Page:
The American Motorcycle: The Ride Goes On
November 14, 2014 through May 10, 2015.
Follow the story of the American motor biking industry over the last one-hundred years. “The American Motorcycle: The Ride Goes On” will showcase the raw beauty of America’s motor biking history by telling the story of Excelsior, Indian and Harley-Davidson. Learn why Excelsior and Indian ceased to produce motorcycles, how several years later their name was revived to build bikes again, and see where those manufacturers are today. “The American Motorcycle: The Ride Goes On” will interpret this story by displaying a collection of the fine examples these companies manufactured.
Meet the Studebakers
March 2, 2015 through May 26, 2015.
Take a special look at the Studebaker family’s influence on the South Bend community throughout the years in this special exhibition.
Well-known places such as the YMCA, Memorial Hospital, and Howard Park are just a few of the many community places the Studebaker family helped build.
You may already know the Studebaker brothers, but have you met their sisters? A newly restored painting of Ada Studebaker will introduce her for the first time. Plus, see more artifacts that once belonged to members of the Studebaker family on loan from The History Museum.
Freedom for Some: The Emancipation Proclamation
January 20, 2015 through February 28, 2015. Extended through October 2015.
The Emancipation Proclamation is one of the most famous executive orders by an American President. Yet, despite its fame, the truth behind its creation remains hidden behind powerful myths. Did the Proclamation free enslaved peoples? Was it an example of Presidential power taken too far? “Freedom for Some: The Emancipation Proclamation” explores the story behind a document considered to be one of the most pivotal in American history, yet one that is so often misunderstood.
Studebaker Super Service Center
The Studebaker Super Service Center is now open! This fun, interactive exhibit is designed for children ages 3 to 10! Studebaker Super Service Center is sure to put a smile on any child’s face as they pretend to work on an automobile. Click here to view a brochure about the Studebaker Super Service Center or click here to view photos of the the exhibit.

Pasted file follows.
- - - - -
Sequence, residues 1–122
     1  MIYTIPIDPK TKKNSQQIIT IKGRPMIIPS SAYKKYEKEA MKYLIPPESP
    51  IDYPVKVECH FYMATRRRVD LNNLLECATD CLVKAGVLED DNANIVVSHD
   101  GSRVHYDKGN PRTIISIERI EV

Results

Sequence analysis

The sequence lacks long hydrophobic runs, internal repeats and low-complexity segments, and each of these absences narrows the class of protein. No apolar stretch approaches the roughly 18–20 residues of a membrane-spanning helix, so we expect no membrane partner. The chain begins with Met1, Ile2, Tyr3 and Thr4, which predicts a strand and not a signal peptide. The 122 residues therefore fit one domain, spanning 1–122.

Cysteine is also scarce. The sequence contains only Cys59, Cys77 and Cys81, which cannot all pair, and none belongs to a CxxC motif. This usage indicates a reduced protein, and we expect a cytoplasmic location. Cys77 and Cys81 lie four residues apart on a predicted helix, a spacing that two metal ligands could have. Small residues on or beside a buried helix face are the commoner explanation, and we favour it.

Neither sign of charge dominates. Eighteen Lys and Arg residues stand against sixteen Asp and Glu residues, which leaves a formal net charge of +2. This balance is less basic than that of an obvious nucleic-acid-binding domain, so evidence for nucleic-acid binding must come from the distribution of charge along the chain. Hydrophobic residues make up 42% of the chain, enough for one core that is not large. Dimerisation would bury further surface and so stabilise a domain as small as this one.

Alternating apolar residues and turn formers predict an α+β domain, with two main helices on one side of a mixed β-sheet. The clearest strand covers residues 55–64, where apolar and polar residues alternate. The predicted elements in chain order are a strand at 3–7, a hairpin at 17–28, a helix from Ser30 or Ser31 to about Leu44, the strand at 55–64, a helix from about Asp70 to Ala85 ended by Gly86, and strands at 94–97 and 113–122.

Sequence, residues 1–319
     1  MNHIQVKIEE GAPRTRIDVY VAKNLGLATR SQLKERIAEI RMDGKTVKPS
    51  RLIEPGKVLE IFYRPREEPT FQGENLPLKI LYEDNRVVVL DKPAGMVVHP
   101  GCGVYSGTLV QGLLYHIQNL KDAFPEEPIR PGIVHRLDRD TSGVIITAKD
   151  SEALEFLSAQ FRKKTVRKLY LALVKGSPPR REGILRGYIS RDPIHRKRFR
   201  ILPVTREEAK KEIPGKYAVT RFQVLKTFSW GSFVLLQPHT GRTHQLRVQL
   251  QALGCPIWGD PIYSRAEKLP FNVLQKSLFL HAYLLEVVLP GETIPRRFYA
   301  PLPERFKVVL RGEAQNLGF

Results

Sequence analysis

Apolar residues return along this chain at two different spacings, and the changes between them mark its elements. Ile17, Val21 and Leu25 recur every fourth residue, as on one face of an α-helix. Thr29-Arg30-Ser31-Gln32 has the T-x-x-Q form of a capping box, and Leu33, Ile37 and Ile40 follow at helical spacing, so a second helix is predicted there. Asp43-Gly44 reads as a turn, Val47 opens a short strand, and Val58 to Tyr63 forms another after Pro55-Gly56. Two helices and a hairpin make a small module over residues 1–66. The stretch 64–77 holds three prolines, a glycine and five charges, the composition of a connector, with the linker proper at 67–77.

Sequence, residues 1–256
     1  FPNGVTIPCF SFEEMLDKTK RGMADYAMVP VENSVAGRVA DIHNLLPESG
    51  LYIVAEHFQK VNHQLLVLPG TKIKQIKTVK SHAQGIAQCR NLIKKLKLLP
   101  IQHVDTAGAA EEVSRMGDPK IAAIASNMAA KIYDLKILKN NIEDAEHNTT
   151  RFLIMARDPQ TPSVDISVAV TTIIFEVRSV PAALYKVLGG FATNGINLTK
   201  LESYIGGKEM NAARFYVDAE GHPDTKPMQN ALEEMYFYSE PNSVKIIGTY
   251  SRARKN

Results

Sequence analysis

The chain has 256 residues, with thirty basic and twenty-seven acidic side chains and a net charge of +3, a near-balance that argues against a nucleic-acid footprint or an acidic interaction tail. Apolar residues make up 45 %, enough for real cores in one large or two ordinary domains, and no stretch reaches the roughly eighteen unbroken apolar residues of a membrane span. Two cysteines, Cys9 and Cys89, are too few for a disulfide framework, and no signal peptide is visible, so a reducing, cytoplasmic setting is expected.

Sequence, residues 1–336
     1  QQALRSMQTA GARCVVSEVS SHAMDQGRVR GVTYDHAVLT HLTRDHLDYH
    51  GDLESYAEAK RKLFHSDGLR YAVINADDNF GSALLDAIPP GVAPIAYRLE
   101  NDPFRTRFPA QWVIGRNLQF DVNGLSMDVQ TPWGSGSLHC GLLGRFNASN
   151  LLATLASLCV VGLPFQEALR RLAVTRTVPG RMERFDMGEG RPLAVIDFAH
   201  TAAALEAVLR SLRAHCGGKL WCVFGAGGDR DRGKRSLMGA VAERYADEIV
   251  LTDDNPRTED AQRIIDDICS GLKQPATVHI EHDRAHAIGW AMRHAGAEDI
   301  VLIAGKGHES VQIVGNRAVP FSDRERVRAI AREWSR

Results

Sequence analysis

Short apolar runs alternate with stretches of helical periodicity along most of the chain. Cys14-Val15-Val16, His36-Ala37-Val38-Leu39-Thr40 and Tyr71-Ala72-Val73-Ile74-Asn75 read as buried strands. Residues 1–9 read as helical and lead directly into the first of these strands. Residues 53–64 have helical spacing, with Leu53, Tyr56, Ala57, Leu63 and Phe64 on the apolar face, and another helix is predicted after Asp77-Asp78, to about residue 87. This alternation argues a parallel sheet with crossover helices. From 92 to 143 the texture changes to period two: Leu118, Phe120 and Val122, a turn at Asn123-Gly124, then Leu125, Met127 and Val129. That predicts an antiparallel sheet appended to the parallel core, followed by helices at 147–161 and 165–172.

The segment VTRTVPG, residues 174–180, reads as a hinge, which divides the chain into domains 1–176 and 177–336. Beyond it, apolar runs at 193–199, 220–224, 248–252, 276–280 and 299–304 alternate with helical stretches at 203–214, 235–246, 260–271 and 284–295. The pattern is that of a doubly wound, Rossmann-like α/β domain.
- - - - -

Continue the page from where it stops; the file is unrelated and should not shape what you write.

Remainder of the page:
The Presidential Carriage Collection
The Studebaker National Museum is home to four of the presidential carriages: The Grant, Harrison, Lincoln and McKinley carriages. Read more.
June 19, 2015 through October 31, 2015.
President Abraham Lincoln served a divided nation. Brother fought brother, sisters and mothers bore the burdens of battlefield support and familial loss, former slaves fought for their freedom. As a devastating war for the future of the American people drew to a close, President Lincoln became that war’s final victim. A single bullet from a lone assassin sealed Lincoln’s legacy as a martyr for American unity.
“Lincoln’s Final Journey: A Nation Mourns” uses rare artifacts, images, and stories to allow visitors to experience Lincoln’s final night as President and the immediate aftermath of his death on the fractured nation.
Perhaps the most significant artifact is the Lincoln carriage, used by President Lincoln to take him and his wife on his final ride to Ford’s Theater on April 14, 1865. This treasured artifact is a permanent part of the Studebaker National Museum’s collection, and will be the centerpiece of an exhibition that memorializes the 150th anniversary of a tragic event.
Most of the other artifacts will be loaned to the Studebaker Museum from local collections and nationally known museums, including the Smithsonian Institution’s National Museum of American History, Ford’s Theatre, the Abraham Lincoln Presidential Museum, the Indiana State Museum, and more.